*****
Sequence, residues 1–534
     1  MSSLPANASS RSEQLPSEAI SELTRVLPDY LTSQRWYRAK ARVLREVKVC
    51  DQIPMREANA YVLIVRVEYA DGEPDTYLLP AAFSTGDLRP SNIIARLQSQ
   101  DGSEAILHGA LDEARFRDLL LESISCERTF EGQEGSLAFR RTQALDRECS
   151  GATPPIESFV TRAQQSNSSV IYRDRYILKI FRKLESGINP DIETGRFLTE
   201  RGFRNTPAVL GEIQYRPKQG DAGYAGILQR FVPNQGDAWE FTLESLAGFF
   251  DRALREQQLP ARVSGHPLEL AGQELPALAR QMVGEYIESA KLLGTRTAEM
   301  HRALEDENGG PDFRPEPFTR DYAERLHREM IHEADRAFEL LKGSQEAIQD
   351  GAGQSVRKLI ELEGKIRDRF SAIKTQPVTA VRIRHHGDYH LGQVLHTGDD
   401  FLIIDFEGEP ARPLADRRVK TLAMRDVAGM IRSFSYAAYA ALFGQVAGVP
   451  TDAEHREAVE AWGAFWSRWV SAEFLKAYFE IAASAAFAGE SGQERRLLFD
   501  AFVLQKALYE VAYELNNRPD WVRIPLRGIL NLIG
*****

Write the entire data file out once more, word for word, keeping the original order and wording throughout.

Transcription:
Sequence, residues 1–534
     1  MSSLPANASS RSEQLPSEAI SELTRVLPDY LTSQRWYRAK ARVLREVKVC
    51  DQIPMREANA YVLIVRVEYA DGEPDTYLLP AAFSTGDLRP SNIIARLQSQ
   101  DGSEAILHGA LDEARFRDLL LESISCERTF EGQEGSLAFR RTQALDRECS
   151  GATPPIESFV TRAQQSNSSV IYRDRYILKI FRKLESGINP DIETGRFLTE
   201  RGFRNTPAVL GEIQYRPKQG DAGYAGILQR FVPNQGDAWE FTLESLAGFF
   251  DRALREQQLP ARVSGHPLEL AGQELPALAR QMVGEYIESA KLLGTRTAEM
   301  HRALEDENGG PDFRPEPFTR DYAERLHREM IHEADRAFEL LKGSQEAIQD
   351  GAGQSVRKLI ELEGKIRDRF SAIKTQPVTA VRIRHHGDYH LGQVLHTGDD
   401  FLIIDFEGEP ARPLADRRVK TLAMRDVAGM IRSFSYAAYA ALFGQVAGVP
   451  TDAEHREAVE AWGAFWSRWV SAEFLKAYFE IAASAAFAGE SGQERRLLFD
   501  AFVLQKALYE VAYELNNRPD WVRIPLRGIL NLIG